.
Ballard CG, Bannister CL, Patel A, et al: Classification of psychotic symptoms in dementia sufferers. Acta Psychiatr Scand 1995; 92:63—68
 
.
Hirono N, Mori E, Ishii K, et al: Alteration of regional cerebral glucose utilization with delusions in Alzheimer’s disease. J Neuropsychiatry Clin Neurosci 1998; 10:433—439
 
.
Hirono N, Mega MS, Dinov ID, et al: Left frontotemporal hypoperfusion is associated with aggression in patients with dementia. Arch Neurol 2000; 57:861—866
 
.
Schneider LS, Dagerman KS: Psychosis of Alzheimer’s disease: clinical characteristics and history. J Psychiatr Res 2004; 38:105—111
 
.
Sultzer DL, Mahler ME, Mandelkern MA, et al: The relationship between psychiatric symptoms and regional cortical metabolism in Alzheimer’s disease. J Neuropsychiatry Clin Neurosci 1995; 7:476—484
 
.
Mega MS, Lee L, Dinov ID, et al: Cerebral correlates of psychotic symptoms in Alzheimer’s disease. J Neurol Neurosurg Psychiatry 2000; 69:167—171
 
.
Sultzer DL, Brown CV, Mandelkern MA, et al: Delusional thoughts and regional frontal/temporal cortex metabolism in Alzheimer’s disease. Am J Psychiatry 2003; 160:341—349
 
.
Cummings JL: Psychosis in neurologic disease: neurobiology and pathogenesis. Neuropsychiatry Neuropsychol Behav Neurol 1992; 5:144—150
 
.
Starkstein SE, Vazquez S, Petracca G, et al: A SPECT study of delusions in Alzheimer’s disease. Neurology 1994; 44:2055—2059
 
.
Kotrla KJ, Chacko RC, Harper RG, et al: SPECT findings on psychosis in Alzheimer’s disease. Am J Psychiatry 1995; 152:1470—1475
 
.
Lopez OL, Smith G, Becker JT, et al: The psychotic phenomenon in probable Alzheimer’s disease: a positron emission tomography study. J Neuropsychiatry Clin Neurosci 2001; 13:50—55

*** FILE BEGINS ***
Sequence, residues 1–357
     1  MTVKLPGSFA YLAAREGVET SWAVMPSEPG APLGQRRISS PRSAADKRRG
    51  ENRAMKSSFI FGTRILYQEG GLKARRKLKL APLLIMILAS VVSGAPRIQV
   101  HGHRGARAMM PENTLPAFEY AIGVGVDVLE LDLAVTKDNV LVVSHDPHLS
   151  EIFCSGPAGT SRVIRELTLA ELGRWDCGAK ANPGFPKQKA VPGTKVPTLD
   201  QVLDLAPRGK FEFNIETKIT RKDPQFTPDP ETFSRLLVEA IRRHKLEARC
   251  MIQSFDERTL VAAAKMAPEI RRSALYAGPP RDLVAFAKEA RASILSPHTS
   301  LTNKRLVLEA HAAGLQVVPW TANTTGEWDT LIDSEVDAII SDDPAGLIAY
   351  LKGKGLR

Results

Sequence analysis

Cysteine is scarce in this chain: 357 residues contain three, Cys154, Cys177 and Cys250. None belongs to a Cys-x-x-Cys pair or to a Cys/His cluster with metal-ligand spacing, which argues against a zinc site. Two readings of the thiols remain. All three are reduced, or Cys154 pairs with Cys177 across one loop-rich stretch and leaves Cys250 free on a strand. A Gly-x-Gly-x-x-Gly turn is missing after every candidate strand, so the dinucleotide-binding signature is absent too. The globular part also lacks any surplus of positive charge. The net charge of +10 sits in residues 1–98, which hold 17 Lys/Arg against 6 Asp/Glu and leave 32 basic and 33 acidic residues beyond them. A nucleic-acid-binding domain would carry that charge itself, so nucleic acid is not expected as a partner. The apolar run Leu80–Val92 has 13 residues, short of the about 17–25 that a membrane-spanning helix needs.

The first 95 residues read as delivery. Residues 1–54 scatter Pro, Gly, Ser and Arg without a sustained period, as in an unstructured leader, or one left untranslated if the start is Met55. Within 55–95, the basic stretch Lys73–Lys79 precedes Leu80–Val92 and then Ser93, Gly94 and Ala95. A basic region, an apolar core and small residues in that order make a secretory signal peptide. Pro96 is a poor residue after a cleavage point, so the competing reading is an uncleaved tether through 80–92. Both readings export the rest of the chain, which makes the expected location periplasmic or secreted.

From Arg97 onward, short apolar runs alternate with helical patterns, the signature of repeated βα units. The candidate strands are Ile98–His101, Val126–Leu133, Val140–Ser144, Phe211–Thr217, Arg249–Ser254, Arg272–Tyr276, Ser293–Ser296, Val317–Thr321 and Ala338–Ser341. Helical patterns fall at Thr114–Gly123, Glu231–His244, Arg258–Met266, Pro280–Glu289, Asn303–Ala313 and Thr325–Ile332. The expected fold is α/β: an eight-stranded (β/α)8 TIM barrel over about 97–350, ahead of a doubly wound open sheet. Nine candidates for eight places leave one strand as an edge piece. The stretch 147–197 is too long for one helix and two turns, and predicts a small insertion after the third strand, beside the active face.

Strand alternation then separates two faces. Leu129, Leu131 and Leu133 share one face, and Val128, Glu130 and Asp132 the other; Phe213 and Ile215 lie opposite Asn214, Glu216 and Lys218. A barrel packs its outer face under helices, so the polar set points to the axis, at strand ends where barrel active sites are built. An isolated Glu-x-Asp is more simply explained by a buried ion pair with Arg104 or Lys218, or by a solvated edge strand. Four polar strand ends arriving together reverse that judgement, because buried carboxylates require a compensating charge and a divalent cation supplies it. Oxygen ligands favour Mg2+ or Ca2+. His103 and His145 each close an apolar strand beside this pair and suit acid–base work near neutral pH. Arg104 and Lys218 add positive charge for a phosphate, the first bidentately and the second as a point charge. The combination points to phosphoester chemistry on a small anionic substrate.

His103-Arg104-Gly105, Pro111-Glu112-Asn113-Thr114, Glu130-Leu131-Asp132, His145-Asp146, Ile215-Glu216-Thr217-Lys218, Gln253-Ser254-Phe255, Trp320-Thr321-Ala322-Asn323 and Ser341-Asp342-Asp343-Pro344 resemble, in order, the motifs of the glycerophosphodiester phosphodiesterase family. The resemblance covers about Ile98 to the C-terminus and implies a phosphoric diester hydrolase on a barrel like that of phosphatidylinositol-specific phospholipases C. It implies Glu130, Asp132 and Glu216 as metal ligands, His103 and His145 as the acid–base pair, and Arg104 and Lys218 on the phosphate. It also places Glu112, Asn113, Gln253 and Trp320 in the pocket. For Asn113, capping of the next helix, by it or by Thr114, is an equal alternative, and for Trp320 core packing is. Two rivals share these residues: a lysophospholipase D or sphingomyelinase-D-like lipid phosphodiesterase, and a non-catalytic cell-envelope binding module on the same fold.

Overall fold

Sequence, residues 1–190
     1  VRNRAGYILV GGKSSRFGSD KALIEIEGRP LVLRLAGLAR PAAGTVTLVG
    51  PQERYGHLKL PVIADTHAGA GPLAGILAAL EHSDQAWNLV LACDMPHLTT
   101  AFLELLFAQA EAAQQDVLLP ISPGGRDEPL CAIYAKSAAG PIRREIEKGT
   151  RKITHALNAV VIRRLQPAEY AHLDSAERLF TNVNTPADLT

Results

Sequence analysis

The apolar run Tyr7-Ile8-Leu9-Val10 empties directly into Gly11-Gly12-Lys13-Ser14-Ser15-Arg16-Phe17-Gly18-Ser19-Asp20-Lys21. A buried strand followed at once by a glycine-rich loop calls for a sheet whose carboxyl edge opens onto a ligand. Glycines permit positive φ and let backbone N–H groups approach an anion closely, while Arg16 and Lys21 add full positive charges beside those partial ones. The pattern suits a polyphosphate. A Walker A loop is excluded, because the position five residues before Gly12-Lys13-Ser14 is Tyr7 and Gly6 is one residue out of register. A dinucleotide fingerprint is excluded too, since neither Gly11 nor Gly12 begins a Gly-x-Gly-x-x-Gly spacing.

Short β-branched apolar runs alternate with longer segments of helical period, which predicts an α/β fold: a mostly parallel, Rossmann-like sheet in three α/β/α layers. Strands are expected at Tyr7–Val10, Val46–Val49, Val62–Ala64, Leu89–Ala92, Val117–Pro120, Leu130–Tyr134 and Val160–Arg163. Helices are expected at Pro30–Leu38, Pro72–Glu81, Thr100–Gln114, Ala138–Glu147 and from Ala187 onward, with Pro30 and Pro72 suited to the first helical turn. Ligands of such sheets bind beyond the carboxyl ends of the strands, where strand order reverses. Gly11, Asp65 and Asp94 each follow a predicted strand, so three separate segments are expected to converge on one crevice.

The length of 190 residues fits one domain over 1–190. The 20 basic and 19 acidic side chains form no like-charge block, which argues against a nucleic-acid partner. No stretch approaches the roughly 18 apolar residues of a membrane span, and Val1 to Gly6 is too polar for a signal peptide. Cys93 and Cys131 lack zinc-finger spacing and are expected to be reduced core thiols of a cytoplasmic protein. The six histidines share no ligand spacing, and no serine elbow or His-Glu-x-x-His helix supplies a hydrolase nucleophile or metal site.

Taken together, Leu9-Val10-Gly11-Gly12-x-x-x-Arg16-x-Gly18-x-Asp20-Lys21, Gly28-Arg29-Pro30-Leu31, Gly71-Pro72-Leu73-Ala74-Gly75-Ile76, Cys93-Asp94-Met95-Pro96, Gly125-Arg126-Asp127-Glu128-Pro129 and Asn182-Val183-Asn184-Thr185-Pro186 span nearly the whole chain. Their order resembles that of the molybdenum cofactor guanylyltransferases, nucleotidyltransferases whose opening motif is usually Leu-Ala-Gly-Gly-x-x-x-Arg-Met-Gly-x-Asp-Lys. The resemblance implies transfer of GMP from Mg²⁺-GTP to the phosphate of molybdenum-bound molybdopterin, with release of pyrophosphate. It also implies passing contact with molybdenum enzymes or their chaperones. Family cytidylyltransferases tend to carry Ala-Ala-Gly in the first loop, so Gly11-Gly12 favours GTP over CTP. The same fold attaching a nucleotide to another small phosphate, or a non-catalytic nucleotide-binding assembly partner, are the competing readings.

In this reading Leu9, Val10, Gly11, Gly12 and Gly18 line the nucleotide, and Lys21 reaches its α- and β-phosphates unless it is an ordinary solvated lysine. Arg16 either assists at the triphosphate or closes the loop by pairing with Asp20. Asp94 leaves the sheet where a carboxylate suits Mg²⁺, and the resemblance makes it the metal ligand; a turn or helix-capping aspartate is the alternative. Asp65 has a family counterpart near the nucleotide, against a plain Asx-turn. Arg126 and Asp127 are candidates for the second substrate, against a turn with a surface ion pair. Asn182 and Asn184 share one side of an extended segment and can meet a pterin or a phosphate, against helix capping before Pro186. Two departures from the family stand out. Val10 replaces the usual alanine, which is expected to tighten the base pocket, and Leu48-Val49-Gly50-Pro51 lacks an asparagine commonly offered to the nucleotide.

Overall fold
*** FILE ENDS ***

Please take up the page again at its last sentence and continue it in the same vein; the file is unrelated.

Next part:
.
Lay CKY, Arthur DG: Wandering behaviour in people with dementia. J Advanced Nursing 2003; 44:173—182
 
.
Lopez OL, Becker JT, Sweet RA, et al: Psychiatric symptoms vary with the severity of dementia in probable Alzheimer’s disease. J Neuropsychiatry Clin Neurosci 2003; 15:346—353
 

FIGURE 1. Level of Psychosis in Patients with Low vs. High Performance at Baseline on Language Expression Over 2-Year Follow-Up
TABLE 1. Demographic and Clinical Characteristics of Patients (N=126) at Study Entry (SD)
TABLE 2. Means for Low vs. High Cognitive Performance Groups Per Neuropsychiatric Problem, Based on the Overall Data of the 2-Year Follow-Up
+

References

.
Aalten P, de Vugt ME, Jaspers N, et al: The course of neuropsychiatric symptoms in dementia: part I: findings from the two-year longitudinal MAASBED study. Int J Geriatr Psychiatry 2005; 20:523—530
 
.
Aalten P, de Vugt ME, Jaspers N, et al: The course of neuropsychiatric symptoms in dementia: part II: relationships among behavioural sub-syndromes and the influence of clinical variables. Int J Geriatr Psychiatry 2005; 20:531—536
 
.